Ophthalmology & Optometry
The Ophthalmology Service provides medical, surgical and laser treatment of eye trauma, cataract, glaucoma, diabetic eye disease, and strabismus. We evaluate and treat eye patients and perform major eye operations.
The Optometry Clinic goal is to deliver excellence in eye care for patients of all ages by combining medical expertise and advanced technology, with a commitment to personal attention and customer service. Basic care includes a thorough assessment of visual systems. If further testing or treatment is needed, we provide referrals to our specialty clinics, such as the Ophthalmology Clinic.
- Diabetes: Screenings for diabetic retinopathy normally are performed yearly.
- Type one: First exam should be scheduled 5 years after the onset of diabetes or at the onset of puberty whichever comes first. Routine "baseline" exams upon diagnosis are not necessary.
- Type two: The first screening exam should be performed upon diagnosis as a routine referral to Ophthalmology.
- Hypertension: Typically there is no need for routine hypertensive retinopathy screenings.
- Glaucoma: Routine glaucoma screenings are not performed by ophthalmology but should be part of a routine optometry exam.
- Cataracts: Screenings for cataract or following known cataracts should be performed during an optometry exam.
- Juvenile rheumatoid arthritis: Seen upon diagnosis and typically every three months from then on depending on the age, ANA status, and joints involved. Discuss with the Ophthalmologist.
- Plaquenil: Prior to starting treatment and typically yearly thereafter depending on the dose and treatment duration.
- PUVA: Prior to starting treatment.
- Retinopathy of Prematurity: Depends on the weight , age, and oxygen status. Over 1800 grams does not need a screening. 1500 grams to 1800 grams if on oxygen for more than one month. Less than 1500 grams no matter what the oxygen status should be seen. The first screening should be at six weeks postpartum or 34 weeks, whichever is first.
- School Vision Screenings: Screening for children failing school physicals typically are done by optometry.
- Refractive Surgery: For applications, request through relayhealth.com, ophthalmology department.
- Age Related Macular Degeneration: Screenings, follow-ups and treatments for some forms are available.
- Eye exams
- Acute vision care
- Repair and fitting of eyeglasses for Active Duty and Retirees
- Treatment of ocular diseases
- Refractive Eye Surgery
Refractive Eye Surgery
The first step is to schedule an appointment with one of our 6 optometrists. Farrelly Health Clinic has two optometrists, Dr. Baker and Dr. Hart. Irwin Army Community Hospital has 4 optometrists, Dr. Carpenter, Dr. Kusy, LTC/Dr. Bingham, and Cpt./Dr. Park. An optometrist will evaluate the soldier for the specific criteria for eligibility. Once evaluated, the optometrist will offer a Commanders Authorization packet to be signed by the soldiers commanding officer allowing permission for the Refractive surgery. There are four forms to be filled in. 1) Commanders Authorization 2) Warfighter Refractive Eye Surgery Application form 3) DA Form 4700 Medical Record Supplemental Data and 4) Applications checklist.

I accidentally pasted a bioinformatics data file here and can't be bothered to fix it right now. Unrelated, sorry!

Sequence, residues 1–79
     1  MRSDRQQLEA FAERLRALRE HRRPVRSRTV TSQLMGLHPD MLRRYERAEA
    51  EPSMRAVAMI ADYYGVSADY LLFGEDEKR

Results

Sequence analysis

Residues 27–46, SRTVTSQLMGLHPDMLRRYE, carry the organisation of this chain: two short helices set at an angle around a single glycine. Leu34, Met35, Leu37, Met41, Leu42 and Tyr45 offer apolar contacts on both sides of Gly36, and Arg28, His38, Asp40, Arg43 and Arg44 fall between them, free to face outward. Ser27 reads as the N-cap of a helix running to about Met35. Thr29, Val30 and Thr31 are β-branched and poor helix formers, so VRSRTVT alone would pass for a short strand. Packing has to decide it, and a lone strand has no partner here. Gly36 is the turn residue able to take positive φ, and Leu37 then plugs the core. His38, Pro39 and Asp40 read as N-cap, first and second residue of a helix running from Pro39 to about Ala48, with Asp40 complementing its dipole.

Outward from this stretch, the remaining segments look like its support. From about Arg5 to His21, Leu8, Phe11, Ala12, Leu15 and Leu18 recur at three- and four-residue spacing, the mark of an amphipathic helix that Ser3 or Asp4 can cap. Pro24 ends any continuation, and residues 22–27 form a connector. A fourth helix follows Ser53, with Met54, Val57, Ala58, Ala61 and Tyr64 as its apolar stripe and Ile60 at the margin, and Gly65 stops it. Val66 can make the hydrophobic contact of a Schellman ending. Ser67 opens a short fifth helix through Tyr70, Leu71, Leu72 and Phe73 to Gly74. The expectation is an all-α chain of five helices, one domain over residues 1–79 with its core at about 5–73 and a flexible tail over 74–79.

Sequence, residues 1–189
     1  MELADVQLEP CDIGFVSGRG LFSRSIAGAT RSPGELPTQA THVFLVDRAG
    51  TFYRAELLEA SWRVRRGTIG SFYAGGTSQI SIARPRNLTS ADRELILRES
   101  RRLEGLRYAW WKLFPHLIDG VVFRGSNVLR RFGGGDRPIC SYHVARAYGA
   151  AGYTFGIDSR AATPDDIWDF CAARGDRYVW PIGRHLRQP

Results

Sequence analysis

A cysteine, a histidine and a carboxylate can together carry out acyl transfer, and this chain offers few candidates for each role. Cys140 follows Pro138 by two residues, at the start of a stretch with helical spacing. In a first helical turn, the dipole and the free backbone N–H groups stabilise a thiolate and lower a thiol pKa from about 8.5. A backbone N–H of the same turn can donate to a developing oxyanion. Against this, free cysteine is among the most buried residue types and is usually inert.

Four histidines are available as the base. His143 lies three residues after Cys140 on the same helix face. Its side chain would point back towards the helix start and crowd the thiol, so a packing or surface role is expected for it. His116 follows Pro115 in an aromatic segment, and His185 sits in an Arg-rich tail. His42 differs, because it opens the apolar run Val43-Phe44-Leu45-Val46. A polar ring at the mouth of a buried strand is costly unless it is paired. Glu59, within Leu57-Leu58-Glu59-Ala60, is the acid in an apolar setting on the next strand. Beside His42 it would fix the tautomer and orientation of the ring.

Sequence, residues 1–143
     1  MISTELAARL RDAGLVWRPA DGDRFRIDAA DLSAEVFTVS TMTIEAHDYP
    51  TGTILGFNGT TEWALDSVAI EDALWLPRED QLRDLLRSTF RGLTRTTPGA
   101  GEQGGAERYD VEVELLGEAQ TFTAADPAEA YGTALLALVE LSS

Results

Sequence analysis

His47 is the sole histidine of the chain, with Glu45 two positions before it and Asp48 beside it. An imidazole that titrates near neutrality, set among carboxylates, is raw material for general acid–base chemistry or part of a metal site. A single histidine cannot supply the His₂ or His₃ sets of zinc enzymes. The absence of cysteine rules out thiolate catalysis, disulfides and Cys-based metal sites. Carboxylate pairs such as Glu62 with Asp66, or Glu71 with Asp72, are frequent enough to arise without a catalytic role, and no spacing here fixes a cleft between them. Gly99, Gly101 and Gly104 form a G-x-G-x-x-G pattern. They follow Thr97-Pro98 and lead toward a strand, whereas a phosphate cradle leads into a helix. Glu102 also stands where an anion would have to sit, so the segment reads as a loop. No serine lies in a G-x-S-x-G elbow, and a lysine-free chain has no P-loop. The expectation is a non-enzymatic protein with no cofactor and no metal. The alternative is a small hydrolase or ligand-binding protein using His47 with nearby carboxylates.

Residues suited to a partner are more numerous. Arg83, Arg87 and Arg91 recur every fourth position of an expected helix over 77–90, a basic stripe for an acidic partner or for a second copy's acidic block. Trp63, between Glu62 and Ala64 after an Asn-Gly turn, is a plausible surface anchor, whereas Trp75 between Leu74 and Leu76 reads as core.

Second Step: Once the soldier has the signed commanders authorization, they will need to bring in the signed authorization and ask for Lauren, Cindy, Carrie Or Kirsten so that the soldiers packet is received and that they are scheduled to be screened for PRK/Lasik by the WRESP Optometrist Dr. Eslit. (Only a member of the WRESP/Ophthalmology Team is authorized to receive and schedule PRK/Lasik refractive procedures.)
Third Step: When the screening is complete, the WRESP optometrist, Dr. Eslit, forwards the soldiers information to the ophthalmologist, Dr. Bogart. One of the WRESP/Ophthalmology team members will schedule the patient to be seen by Dr. Bogart in a “consult” appointment. The consult appointment will include the options of PRK and/or Lasik treatments, the pre-op care and the post-op care.
Fourth Step: Scheduled to the refractive surgery. Briefed on expectations and outcomes of care.
After the procedure, the soldier is expected to be seen for a PRK 5 day post-op, 1 month post-op, and a 3 month post-op. Lasik procedure includes a one day post-op- 5 day post-op, 1 month post-op, and 3 month post-op.
The follow up appointments are very necessary.
The WRESP Ophthalmology team is looking forward to serving the Soldiers of Fort Riley and the surrounding bases to include McConnell Air Force Base and Leavenworth.